This month sees a new post from Gareth Horsfall of the Spectrum IFA Group, where he provides his clients with an in depth understanding of the cross over between local and International tax planning structures.
Over to Gareth:
This month I would like to clarify information surrounding the latest taxes on foreign held assets for Italian residents. I thought that the expat community had received this message, loud and clear, but from my many meetings with expats it is becoming clear there is a lot of confusion as to what one should pay in relation to the taxes specifically on overseas property and assets. (I think most people are aware of IMU on Italian property by now, so I will refrain from covering that ground). So here goes with a very light and interesting read!
Who has to report/pay the taxes being imposed?
Anyone who is tax resident in Italy and who has a house and/or financial assets overseas. You are included if in 2011 you were either signed up as resident with your Comune OR living in Italy for more than 180 days, OR the centre of your business and domestic activities was Italy (in other words, you earned income in Italy and/or your family lived here).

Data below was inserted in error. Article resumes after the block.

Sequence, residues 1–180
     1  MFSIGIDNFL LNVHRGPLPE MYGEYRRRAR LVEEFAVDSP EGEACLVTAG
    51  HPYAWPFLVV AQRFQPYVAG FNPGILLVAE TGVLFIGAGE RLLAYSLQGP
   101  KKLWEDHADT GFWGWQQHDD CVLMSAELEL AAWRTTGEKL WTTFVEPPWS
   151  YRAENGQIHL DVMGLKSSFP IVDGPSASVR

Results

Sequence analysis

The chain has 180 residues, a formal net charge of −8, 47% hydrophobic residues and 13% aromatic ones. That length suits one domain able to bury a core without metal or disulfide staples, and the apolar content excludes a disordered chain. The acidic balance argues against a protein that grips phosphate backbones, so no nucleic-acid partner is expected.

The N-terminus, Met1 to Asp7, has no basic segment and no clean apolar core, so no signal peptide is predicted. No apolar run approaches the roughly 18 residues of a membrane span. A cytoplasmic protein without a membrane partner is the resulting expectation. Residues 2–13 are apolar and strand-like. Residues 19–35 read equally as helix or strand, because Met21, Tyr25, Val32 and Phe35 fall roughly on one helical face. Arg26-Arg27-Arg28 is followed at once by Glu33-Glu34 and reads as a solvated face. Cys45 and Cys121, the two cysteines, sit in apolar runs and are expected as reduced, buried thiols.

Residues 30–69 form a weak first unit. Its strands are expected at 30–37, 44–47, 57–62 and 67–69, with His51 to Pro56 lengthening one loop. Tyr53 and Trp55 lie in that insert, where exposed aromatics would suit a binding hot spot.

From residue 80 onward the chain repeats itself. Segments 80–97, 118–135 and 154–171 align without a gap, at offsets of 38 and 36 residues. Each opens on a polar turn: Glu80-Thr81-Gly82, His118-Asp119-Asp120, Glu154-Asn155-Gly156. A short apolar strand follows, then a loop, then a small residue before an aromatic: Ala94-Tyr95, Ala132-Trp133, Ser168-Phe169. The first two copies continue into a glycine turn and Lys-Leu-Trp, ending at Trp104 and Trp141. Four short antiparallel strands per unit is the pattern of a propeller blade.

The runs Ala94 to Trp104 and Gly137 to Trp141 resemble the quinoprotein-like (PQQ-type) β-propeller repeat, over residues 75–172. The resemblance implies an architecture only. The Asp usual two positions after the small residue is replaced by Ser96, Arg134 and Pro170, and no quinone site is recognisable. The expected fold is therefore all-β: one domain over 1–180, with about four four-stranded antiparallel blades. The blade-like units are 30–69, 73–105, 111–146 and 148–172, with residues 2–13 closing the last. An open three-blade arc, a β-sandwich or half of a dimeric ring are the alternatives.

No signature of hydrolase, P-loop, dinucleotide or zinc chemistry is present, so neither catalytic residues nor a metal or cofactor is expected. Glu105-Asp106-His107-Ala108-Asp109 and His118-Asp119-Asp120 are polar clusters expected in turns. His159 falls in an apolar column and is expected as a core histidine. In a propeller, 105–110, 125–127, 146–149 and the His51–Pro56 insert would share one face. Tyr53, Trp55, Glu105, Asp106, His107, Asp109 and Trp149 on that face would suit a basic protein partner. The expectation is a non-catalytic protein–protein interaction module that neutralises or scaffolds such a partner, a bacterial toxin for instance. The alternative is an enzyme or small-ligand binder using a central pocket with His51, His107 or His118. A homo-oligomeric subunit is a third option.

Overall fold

Imposta sul valore degli immobili situati all’estero.
Tax on the value of property situated abroad has just been introduced.
Unfortunately for everyone clarifications are still awaited from the government and/or the tax authorities, especially with regard to the base imponibile (taxable value) to be used. But we do know some things for sure, as follows:
This tax on overseas property is being charged on real estate held abroad by people who are tax-resident in Italy (whatever their nationality).
The charge on real estate is set at 0.76%. Any taxes paid in the country in which the real estate is located can be deducted and if the net total is less than 200 euro, the tax does not have to be paid
Of course, this would not be Italy if it were simple. A problem has been the taxable value of the property held overseas on which the tax would be calculated. Originally it was to be based on purchase cost (if evidenced) or fair market value. Of course this throws up lots of problems and so has now been revised.
It has been revised to the taxable value of real estate held in any country belonging to the EEA (European Economic Area: i.e. the EU + Iceland, Liechtenstein and Norway) is the one used for property tax purposes or for property transfers in that country i.e the land registry value. (the valore catastale in Italy). We await full confirmation that this will be retroactively applied to 2011.
For property situated outside the EEA, the two alternatives mentioned above – purchase cost or market value – remain, with all the problems that might come with it.
However, uncertainty remains over the overseas property taxes that can be deducted. Each country has its own logic: it could be a wealth tax (France), a council tax (UK), but clarification is still being awaited. Mortgage interest cannot be deducted.
What is the taxable value?
And just when you thought that they couldn’t think of anymore taxes we now have:
Tax on foreign financial investments (not real estate)
It is the foreign equivalent of the tax on financial investments in Italy.